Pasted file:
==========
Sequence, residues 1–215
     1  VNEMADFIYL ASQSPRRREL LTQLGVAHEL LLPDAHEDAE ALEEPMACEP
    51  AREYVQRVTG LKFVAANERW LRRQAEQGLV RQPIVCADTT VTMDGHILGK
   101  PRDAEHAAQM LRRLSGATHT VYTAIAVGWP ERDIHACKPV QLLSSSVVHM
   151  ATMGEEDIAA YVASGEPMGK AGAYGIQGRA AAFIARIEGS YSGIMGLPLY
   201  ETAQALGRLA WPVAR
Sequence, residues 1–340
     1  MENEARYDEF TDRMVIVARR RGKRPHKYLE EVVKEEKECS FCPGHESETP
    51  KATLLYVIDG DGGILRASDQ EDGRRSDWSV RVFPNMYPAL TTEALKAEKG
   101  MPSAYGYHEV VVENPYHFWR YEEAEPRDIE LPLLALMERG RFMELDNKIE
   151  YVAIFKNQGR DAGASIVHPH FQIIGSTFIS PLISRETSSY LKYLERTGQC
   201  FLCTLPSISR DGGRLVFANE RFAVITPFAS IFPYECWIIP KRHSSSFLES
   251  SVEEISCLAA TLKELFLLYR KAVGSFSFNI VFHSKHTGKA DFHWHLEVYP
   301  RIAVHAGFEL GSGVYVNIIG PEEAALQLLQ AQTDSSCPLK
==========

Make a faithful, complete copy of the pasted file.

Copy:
Sequence, residues 1–215
     1  VNEMADFIYL ASQSPRRREL LTQLGVAHEL LLPDAHEDAE ALEEPMACEP
    51  AREYVQRVTG LKFVAANERW LRRQAEQGLV RQPIVCADTT VTMDGHILGK
   101  PRDAEHAAQM LRRLSGATHT VYTAIAVGWP ERDIHACKPV QLLSSSVVHM
   151  ATMGEEDIAA YVASGEPMGK AGAYGIQGRA AAFIARIEGS YSGIMGLPLY
   201  ETAQALGRLA WPVAR
Sequence, residues 1–340
     1  MENEARYDEF TDRMVIVARR RGKRPHKYLE EVVKEEKECS FCPGHESETP
    51  KATLLYVIDG DGGILRASDQ EDGRRSDWSV RVFPNMYPAL TTEALKAEKG
   101  MPSAYGYHEV VVENPYHFWR YEEAEPRDIE LPLLALMERG RFMELDNKIE
   151  YVAIFKNQGR DAGASIVHPH FQIIGSTFIS PLISRETSSY LKYLERTGQC
   201  FLCTLPSISR DGGRLVFANE RFAVITPFAS IFPYECWIIP KRHSSSFLES
   251  SVEEISCLAA TLKELFLLYR KAVGSFSFNI VFHSKHTGKA DFHWHLEVYP
   301  RIAVHAGFEL GSGVYVNIIG PEEAALQLLQ AQTDSSCPLK